Friday, October 7, 2011

Brazil's Anti-Corruption Struggle

 Brazil won the right to host the 2014 FIFA World Cup tournament on 30 October 2007 as the only country that was left to enter a bid. On October 2, 2009 Rio de Janeiro was officially announced to host the Olympic Games 2016. These two upcoming world events put great pressure on the country not only to make it a success, but Rio has to put its very best foot forward, because it will be in the World's spotlight.
It means that among many other things all the favelas need to be cleansed or controlled and street violence needs to decrease seriously. For both issues you need the Police force to cooperate. Significant sectors of the Brazilian Police were actively involved in extortion and organized crime, which has increased dramatically over the last decade of the last century. At the time it would appear that overall the Brazilian police had become less efficient, more corrupt, more abusive and less controllable even than in the period of military rule (1964-1984). Since the beginning of the 21st century things did improve a little, however corruption is still widespread within the Police. Besides the Police, politicians are equally highly corrupt in Brazil. Almost every politician is for sale.

The difficulties of combating corruption in Brazil are compounded by the country’s high degree of decentralization, which provides local authorities (27 states and 5,651 municipalities) wide discretionary powers (You'll find the same phenomena in China). Therefore the recent implementation by the Federal government of anti-corruption initiatives is not very effective yet. Also corruption is often closely related to defined levels of development. Brazil became G20-member in 1999. So the great economic development of recent years in Brazil might help to eliminate corruption to some extent. Eliminating/combating successfully corruption takes at least several decades and is very difficult, while not combating it for even a few years can take you all the way back to square one.

Brazil - Corruption Perception Index and Rank 2001-2010 (TI)
If we look at the chart that is included here, we'll see Transparency International's Corruption Perception Index showing Brazil's ranking and score over the last decade regarding corruption in the public sector (not the private sector). We can see a small peek in 2008 and since 2008 corruption is slightly decreasing in Brazil. I would like to emphasize that corruption is very difficult to measure in a reliable way, because most of it remains below the surface. That's why Transparency International is only able to measure "perception". If we look at the table, we can see that Brazil is ranking 4th, which is not too bad. Remarkable is that this table shows that Chile is less corrupt than the U.S..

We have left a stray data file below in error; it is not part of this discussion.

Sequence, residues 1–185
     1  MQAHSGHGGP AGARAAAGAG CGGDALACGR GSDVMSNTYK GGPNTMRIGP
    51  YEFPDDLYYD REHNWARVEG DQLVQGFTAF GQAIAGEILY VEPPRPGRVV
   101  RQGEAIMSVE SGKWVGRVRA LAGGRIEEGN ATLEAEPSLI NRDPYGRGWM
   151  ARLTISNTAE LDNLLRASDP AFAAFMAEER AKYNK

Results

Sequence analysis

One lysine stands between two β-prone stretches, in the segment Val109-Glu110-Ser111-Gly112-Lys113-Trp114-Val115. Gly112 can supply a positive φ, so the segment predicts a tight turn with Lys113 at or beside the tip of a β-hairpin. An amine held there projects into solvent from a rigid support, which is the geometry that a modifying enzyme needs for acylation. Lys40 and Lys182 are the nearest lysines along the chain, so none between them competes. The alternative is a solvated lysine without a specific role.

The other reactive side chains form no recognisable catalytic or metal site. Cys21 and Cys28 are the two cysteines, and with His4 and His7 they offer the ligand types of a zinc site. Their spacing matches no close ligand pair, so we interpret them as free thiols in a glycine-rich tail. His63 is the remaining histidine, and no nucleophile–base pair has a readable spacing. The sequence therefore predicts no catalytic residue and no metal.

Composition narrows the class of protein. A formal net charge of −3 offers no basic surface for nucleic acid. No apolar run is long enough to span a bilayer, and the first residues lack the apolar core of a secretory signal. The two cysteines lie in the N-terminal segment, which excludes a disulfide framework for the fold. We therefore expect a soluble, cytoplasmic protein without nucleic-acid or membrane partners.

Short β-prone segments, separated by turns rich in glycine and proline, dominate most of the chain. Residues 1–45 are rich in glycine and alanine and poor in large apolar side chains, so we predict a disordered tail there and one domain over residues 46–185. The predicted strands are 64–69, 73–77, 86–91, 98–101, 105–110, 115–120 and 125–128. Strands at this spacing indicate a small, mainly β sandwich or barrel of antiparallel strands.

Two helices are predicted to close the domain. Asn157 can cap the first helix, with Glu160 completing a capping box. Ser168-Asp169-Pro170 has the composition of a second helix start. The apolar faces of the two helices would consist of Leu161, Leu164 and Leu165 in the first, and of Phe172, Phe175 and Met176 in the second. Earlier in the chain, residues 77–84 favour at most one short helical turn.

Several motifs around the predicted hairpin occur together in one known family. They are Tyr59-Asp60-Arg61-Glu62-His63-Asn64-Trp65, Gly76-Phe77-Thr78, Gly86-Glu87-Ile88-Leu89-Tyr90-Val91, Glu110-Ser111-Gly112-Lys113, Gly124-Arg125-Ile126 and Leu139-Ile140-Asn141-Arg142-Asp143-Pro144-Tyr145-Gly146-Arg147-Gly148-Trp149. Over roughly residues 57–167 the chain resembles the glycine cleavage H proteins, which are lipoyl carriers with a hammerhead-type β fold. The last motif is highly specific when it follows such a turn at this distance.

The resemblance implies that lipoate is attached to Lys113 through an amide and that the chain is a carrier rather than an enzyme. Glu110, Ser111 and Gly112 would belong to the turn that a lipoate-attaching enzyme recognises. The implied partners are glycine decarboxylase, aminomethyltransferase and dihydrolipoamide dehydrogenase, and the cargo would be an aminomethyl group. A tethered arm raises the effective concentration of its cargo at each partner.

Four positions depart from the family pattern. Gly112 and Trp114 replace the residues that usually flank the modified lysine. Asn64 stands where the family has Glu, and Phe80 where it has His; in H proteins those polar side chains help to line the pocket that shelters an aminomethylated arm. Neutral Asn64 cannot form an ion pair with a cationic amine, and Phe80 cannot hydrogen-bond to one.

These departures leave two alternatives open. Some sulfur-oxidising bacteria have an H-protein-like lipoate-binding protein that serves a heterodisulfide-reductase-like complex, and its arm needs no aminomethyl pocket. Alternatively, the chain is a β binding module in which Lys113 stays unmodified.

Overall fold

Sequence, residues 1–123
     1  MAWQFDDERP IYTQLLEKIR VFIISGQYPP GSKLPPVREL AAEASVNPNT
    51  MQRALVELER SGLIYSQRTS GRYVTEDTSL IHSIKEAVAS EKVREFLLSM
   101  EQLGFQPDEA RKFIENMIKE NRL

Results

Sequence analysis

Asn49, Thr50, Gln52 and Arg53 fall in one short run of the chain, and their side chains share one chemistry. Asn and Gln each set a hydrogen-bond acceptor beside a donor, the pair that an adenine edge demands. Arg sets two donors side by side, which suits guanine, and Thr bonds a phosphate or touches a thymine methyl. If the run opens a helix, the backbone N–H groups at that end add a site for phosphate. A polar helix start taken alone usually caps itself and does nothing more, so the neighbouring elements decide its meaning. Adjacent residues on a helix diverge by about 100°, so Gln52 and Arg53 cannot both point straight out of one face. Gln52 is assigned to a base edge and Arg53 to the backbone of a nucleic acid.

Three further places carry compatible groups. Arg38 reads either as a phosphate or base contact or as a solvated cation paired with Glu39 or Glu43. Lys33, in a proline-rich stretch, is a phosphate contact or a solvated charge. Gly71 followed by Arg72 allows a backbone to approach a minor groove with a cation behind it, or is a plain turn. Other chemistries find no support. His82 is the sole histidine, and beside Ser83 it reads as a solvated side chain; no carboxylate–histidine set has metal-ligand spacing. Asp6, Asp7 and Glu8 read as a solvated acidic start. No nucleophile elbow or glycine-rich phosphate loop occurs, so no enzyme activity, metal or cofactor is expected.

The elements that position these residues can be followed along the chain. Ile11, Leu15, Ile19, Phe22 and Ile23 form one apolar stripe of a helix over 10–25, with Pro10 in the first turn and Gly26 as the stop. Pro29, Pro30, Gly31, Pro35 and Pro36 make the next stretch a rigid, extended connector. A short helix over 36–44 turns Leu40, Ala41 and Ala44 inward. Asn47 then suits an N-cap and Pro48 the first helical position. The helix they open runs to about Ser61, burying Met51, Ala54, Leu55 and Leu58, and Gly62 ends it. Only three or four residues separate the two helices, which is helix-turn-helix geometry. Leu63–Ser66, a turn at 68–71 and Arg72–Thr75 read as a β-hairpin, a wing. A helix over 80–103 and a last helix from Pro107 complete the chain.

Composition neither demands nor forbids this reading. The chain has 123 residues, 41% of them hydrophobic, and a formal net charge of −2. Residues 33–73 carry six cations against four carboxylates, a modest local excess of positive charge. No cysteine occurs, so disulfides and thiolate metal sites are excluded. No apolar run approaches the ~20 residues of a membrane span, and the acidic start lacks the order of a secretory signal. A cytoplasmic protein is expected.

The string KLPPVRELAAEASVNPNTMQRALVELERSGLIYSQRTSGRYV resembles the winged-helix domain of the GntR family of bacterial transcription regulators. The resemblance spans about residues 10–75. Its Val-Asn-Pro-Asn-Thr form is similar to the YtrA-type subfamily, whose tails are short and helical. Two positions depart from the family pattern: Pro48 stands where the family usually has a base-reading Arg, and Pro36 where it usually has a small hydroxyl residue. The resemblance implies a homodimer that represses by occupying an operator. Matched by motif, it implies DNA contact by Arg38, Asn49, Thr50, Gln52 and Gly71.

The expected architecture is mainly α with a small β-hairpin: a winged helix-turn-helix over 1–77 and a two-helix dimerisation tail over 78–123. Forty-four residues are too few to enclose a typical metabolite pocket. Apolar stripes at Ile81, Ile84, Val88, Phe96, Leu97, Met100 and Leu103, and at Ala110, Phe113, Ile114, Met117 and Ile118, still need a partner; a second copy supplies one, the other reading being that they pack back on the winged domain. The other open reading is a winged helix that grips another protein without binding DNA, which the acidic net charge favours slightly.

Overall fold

2010 Corruption Perception Index ranking
for South And Central America (TI)

It might be nice to illustrate here the kind of problems Dilma Rousseff is experiencing to combat corruption. Dilma Rousseff is Brazil's president since January 1st, 2011. She forced five ministers of her cabinet to step down, four because of corruption (cabinet chief Antonio Palocci; Transport minister Alfredo Nascimento; Agriculture minister Wagner Rossi and Tourism minister Pedro Novais). Roussef's cabinet is a coalition of 7 parties of which Roussef's Partido dos Trabalhadores is the largest. The other 6 coalition parties objected to Rousseff's strong anti-corruption policy, because they were all afraid to loose their "perquisites". So Rousseff had to promise not to fire anymore ministers to calm down the coalition partners.
Another illustrating story is about the favelas (populated by 2 million citizens) in Rio de Janeiro. A special program called "programa de pacificação" was introduced in 2009 to combat drug trade and violence in the favelas. 3,000 special police officers were stationed in the favelas in new police-outposts and received special training to make them "immune" for corruption. They also received a special bonus of 2,000 reaal monthly. Despite their special training and bonus, these police officers turned out to be equally corrupt as their colleagues. Heavily armed elite troops and fresh police recruits were sent in to combat the corrupt "immune" police officers. Never the less corruption still exists in the favelas. Most favelas are located downtown, closeby the richer neighborhoods. Police officers in the favelas are still being bribed by gang members to let them continue their criminal activities in these richer neighborhoods. However gang violence that takes place in the favelas has decreased considerably, thanks to 24x7 Police presence.
One more set back was the recent arrest of Police commander Cláudio Luiz Silva, suspected of the murder on 41 year old judge Patricia Acioli on August 12th this year. The judge was known to combat corrupt Policemen. Prior before her death she issued arrest warrants for Silva's men. Silva is accused of multiple murders and corruption. 

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